The documentation in your business is effectively the lifeblood of your company. Keeping concise records helps you to monitor the success and progress of your business, prepare any financial payments and statements, identify and monitor employee information and progress, and have all the required client information necessary to provide your business services to them to the best of your ability. In addition to this, there are many documents that are required to be kept on hand at all times for legal reasons. For example, if you have any discrepancies during the financial year-end, you will need to show proof of original tax deductions, invoices and payslips that have been issued.
So how do you know what documents to keep and where to keep them? The first rule of thumb could be to ensure that you keep the relevant documentation until such a time that they no longer serve a useful purpose or until the point when all of their legal requirements have been met. This can often be tricky to determine, here are some tips on what documents to keep and where:
- Auditors’ reports,
- Leases in effect,
- All employees’ contracts ,
- All clients’ contracts,
- All legal documents and correspondence relating to your company, its employees and finances,
- Training manuals , and
- Trademark registrations and copyright registrations.
Although it is imperative that you keep all of the abovementioned documentation for extended periods of time, you do not have to store everything at your offices; particularly as the information may be sensitive. For documentation that you won’t use on a daily basis, you can utilise offsite document storage [Link to http://www.thedocumentwarehouse.com/services/document-archiving] with 24 hour security, theft, fire, water and humidity protection.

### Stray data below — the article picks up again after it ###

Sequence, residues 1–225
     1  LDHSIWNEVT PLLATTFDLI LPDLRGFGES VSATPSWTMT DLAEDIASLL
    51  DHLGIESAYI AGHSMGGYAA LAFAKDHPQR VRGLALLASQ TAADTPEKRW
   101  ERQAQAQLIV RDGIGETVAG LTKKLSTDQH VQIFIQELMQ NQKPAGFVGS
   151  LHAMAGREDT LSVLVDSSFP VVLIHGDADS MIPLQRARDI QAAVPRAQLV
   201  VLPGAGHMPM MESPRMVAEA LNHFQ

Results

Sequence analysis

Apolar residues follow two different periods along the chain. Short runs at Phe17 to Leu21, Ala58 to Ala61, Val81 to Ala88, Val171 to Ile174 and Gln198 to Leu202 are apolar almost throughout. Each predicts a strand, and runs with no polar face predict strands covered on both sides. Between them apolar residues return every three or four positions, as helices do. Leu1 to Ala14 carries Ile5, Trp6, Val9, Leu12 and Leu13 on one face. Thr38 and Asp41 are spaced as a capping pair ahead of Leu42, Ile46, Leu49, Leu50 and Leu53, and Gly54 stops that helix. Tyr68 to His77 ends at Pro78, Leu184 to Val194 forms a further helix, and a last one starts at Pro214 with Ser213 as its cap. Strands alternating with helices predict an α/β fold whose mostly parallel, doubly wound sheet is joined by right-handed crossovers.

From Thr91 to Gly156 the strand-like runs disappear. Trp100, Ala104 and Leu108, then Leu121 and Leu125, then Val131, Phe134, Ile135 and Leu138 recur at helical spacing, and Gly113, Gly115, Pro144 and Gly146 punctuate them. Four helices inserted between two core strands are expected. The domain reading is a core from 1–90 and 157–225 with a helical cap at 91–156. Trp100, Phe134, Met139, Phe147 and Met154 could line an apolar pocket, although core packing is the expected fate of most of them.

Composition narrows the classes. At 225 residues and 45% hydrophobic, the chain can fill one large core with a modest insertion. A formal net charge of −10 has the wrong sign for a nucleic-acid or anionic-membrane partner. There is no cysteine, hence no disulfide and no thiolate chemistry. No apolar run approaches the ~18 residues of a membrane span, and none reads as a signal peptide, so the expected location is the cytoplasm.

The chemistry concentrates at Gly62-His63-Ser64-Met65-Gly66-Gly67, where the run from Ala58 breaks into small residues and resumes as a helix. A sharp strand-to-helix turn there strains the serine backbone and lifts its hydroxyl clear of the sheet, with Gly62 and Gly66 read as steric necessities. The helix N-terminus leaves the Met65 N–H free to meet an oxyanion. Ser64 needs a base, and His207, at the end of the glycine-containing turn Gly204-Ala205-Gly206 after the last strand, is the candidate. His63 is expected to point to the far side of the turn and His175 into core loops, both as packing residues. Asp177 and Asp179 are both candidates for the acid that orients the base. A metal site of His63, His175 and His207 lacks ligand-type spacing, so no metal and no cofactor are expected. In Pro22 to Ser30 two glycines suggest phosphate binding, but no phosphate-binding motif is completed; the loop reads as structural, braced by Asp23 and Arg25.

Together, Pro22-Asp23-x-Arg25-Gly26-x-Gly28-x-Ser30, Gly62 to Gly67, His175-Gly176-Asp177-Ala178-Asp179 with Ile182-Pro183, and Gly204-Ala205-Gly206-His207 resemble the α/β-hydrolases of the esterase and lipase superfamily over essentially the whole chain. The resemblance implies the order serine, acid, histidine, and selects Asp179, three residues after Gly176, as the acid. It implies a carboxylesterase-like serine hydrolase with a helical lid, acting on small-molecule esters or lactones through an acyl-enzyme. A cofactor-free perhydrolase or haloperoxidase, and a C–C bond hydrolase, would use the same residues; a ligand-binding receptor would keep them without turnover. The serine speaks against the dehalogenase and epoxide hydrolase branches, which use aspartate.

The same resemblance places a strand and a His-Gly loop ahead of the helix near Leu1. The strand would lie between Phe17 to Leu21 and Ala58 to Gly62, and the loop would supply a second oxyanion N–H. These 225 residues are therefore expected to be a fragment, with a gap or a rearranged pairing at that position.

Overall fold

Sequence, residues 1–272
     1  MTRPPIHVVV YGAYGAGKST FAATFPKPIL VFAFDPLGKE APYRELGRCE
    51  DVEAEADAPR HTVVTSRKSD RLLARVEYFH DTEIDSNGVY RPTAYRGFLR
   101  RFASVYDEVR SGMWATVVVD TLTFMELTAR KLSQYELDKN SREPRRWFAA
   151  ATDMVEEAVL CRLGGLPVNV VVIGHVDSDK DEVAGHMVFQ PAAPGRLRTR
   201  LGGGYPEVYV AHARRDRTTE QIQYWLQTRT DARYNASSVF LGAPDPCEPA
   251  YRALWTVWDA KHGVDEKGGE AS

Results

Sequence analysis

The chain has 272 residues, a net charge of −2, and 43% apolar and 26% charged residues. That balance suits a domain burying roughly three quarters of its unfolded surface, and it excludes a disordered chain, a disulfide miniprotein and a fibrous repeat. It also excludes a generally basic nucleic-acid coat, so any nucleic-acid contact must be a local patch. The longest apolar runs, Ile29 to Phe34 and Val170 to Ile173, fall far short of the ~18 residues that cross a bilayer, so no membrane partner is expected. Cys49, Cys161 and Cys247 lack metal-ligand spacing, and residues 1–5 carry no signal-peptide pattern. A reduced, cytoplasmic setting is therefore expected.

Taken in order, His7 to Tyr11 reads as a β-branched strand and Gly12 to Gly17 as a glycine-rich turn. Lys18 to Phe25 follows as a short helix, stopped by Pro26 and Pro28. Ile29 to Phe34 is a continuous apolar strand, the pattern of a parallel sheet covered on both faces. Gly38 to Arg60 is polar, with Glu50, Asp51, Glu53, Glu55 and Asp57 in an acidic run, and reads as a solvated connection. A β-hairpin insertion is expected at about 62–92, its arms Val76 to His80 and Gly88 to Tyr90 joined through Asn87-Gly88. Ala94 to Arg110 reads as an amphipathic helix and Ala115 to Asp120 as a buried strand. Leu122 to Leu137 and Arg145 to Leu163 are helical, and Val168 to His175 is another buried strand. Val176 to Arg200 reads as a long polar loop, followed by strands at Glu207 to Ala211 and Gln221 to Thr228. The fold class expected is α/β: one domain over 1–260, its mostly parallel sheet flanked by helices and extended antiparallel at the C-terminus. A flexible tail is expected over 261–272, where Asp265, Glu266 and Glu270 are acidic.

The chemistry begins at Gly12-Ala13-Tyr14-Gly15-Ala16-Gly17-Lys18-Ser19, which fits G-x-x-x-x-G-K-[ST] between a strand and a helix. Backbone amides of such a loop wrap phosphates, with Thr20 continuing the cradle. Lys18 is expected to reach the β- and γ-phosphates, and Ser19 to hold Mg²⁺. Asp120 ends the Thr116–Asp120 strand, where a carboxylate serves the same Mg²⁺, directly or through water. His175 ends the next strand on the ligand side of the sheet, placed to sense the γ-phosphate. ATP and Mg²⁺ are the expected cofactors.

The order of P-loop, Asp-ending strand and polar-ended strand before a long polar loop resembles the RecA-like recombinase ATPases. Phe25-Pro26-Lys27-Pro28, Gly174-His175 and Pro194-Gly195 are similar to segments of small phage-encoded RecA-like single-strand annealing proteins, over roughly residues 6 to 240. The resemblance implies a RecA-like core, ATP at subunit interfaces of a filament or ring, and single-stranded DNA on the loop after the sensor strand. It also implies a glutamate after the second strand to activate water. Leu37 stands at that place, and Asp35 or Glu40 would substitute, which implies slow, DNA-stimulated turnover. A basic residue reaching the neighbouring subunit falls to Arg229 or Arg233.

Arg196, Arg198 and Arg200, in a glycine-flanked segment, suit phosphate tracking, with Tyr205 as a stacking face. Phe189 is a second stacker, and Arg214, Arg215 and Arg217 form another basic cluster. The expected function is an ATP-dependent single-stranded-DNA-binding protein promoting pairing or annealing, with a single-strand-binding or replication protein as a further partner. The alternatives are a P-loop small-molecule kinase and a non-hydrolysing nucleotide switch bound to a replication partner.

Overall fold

Keep for no less than 7 years:
- Bank deposit slips, statements and proof of transactions,
- Expired client and employee contracts,
- Expired leases,
- Invoices, receipts, purchases and so forth,
- Payroll journal,
- General ledger, and
- Subsidiary ledgers.
These documents may be requested at some point or another. Some may be old and outdated but they will be required to be available on hand at a moment’s notice. In this instance, offsite document storage would be your best bet, particularly because you will most likely not need access to the documents very often, if at all. However, when you place the documents into offsite storage, they will be archived, indexed and captured electronically for easy retrieval if ever required.
Deciding which documents to keep that have not been listed in this post may be at your own discretion. For example, all businesses will keep HR documentation, employee contracts, leave forms and payslips on the premises, stored in filing cabinets. Print-outs of status meetings with clients and briefing documents may take up unnecessary space in your office when they will never be needed again – in this instance, it is best to simply destroy this documentation.
Whatever your document management, storage and destruction requirements, we can help you. Contact The Document Warehouse today [Link to: http://www.thedocumentwarehouse.com/contact-the-document-warehouse/contact-details] to find out how we can assist you in creating an effective document storage system, whether it is on your premises, or offsite in one of our secure warehouses.